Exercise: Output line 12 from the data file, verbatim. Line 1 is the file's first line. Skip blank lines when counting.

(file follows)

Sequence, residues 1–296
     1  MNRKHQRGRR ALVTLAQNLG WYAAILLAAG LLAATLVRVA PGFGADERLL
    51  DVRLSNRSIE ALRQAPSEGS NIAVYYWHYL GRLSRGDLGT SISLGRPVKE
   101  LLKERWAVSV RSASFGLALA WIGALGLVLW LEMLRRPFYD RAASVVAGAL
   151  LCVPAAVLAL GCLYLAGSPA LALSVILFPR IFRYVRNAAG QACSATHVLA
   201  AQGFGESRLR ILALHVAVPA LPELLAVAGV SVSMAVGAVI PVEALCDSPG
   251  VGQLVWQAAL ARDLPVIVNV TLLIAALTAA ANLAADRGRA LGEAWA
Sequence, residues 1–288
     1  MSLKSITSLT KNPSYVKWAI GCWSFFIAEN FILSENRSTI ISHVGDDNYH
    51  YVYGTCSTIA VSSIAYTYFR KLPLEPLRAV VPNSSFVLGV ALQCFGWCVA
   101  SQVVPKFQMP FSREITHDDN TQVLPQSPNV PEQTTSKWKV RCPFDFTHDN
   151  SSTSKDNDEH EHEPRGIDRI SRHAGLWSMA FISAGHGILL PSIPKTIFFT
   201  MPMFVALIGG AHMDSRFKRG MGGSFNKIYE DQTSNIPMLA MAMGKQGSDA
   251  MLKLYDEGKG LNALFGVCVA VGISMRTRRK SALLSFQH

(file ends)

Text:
   151  SSTSKDNDEH EHEPRGIDRI SRHAGLWSMA FISAGHGILL PSIPKTIFFT